NGC 2808

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NGC 2808
NGC 2808 HST.jpg
A Hubble Space Telescope (HST) image of NGC 2808
Observation data (J2000 epoch)
Right ascension09h 12m 03.10s[2]
Declination–64° 51′ 48.6″[2]
Distance31.3 kly (9.6 kpc)[3]
Apparent magnitude (V)6.2[4]
Apparent dimensions (V)13′.8[4]
Physical characteristics
Mass1.42×106[3] M
Metallicity = –1.14[3] dex
Estimated age10.2 Gyr[5]
Other designationsGCl 13, Melotte 95[6]
See also: Globular cluster, List of globular clusters

NGC 2808 is a globular cluster[6] in the constellation Carina. The cluster belongs to the Milky Way, and is one of our home galaxy's most massive clusters, containing more than a million stars. It is estimated to be 12.5-billion years old.

The cluster is being disrupted by the galactic tide, trailing a long tidal tail.[7]

Star generations[edit]

It had been thought that NGC 2808, like typical globular clusters, contains only one generation of stars formed simultaneously from the same material. In 2007, a team of astronomers led by Giampaolo Piotto of the University of Padua in Italy investigated Hubble Space Telescope images of NGC 2808 taken in 2005 and 2006 with Hubble's Advanced Camera for Surveys. Unexpectedly, they found that this cluster is composed of three generations of stars, all born within 200 million years of the formation of the cluster.[8]

Astronomers have argued that globular clusters can produce only one generation of stars, because the radiation from first generation stars would drive the residual gas not consumed in the first star generation phase out of the cluster. However, the great mass of a cluster such as NGC 2808 may suffice to gravitationally counteract the loss of gaseous matter. Thus, a second and a third generation of stars may form.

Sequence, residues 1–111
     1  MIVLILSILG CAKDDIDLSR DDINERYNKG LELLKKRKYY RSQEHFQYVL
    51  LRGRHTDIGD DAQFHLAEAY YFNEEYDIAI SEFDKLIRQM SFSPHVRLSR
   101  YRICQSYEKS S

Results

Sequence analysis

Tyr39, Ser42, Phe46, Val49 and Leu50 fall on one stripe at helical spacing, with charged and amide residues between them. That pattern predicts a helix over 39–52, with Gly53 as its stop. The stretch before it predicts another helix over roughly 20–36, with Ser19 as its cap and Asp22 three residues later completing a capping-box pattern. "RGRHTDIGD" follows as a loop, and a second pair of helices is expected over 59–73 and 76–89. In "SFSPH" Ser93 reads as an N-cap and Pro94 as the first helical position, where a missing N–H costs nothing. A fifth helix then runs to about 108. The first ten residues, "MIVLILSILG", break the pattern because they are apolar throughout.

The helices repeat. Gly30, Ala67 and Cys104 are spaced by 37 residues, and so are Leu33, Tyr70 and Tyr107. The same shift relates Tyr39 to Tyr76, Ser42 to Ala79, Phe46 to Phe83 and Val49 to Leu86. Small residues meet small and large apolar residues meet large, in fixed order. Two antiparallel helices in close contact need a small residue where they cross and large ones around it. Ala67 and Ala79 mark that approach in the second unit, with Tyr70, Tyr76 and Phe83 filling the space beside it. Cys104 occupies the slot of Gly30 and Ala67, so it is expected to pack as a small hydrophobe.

An alternative explanation for the three star generations of NGC 2808 is that it may actually be the remnant core of a dwarf galaxy that collided with the Milky Way, the Sausage Galaxy.[9]

See also[edit]


  1. ^ Shapley, Harlow; Sawyer, Helen B. (August 1927), "A Classification of Globular Clusters", Harvard College Observatory Bulletin, 849 (849): 11–14, Bibcode:1927BHarO.849...11S
  2. ^ a b Goldsbury, Ryan; et al. (December 2010), "The ACS Survey of Galactic Globular Clusters. X. New Determinations of Centers for 65 Clusters", The Astronomical Journal, 140 (6): 1830–1837, arXiv:1008.2755, Bibcode:2010AJ....140.1830G, doi:10.1088/0004-6256/140/6/1830.
  3. ^ a b c Boyles, J.; et al. (November 2011), "Young Radio Pulsars in Galactic Globular Clusters", The Astrophysical Journal, 742 (1): 51, arXiv:1108.4402, Bibcode:2011ApJ...742...51B, doi:10.1088/0004-637X/742/1/51
  4. ^ a b "Data for NGC 2808". NGC/IC Project. Archived from the original on 15 January 2013. Retrieved 19 November 2013.
  5. ^ Koleva, M.; et al. (April 2008), "Spectroscopic ages and metallicities of stellar populations: validation of full spectrum fitting", Monthly Notices of the Royal Astronomical Society, 385 (4): 1998–2010, arXiv:0801.0871, Bibcode:2008MNRAS.385.1998K, doi:10.1111/j.1365-2966.2008.12908.x
  6. ^ a b "NGC 2808". SIMBAD. Centre de données astronomiques de Strasbourg. Retrieved 2007-05-07.
  7. ^ Tails and streams around the Galactic globular clusters NGC 1851, NGC 1904, NGC 2298 and NGC 2808, 2017, arXiv:1710.08927
  8. ^ Piotto, G.; et al. (May 2007). "A Triple Main Sequence in the Globular Cluster NGC 2808". The Astrophysical Journal. 661 (1): L53–L56. arXiv:astro-ph/0703767. Bibcode:2007ApJ...661L..53P. doi:10.1086/518503.
  9. ^ C., Myeong, G.; W., Evans, N.; V., Belokurov; L., Sanders, J.; E., Koposov, S. (2018). "The Sausage Globular Clusters". Bibcode:2018arXiv180500453M. {{cite journal}}: Cite journal requires |journal= (help)

External links[edit]

  • Media related to NGC 2808 at Wikimedia Commons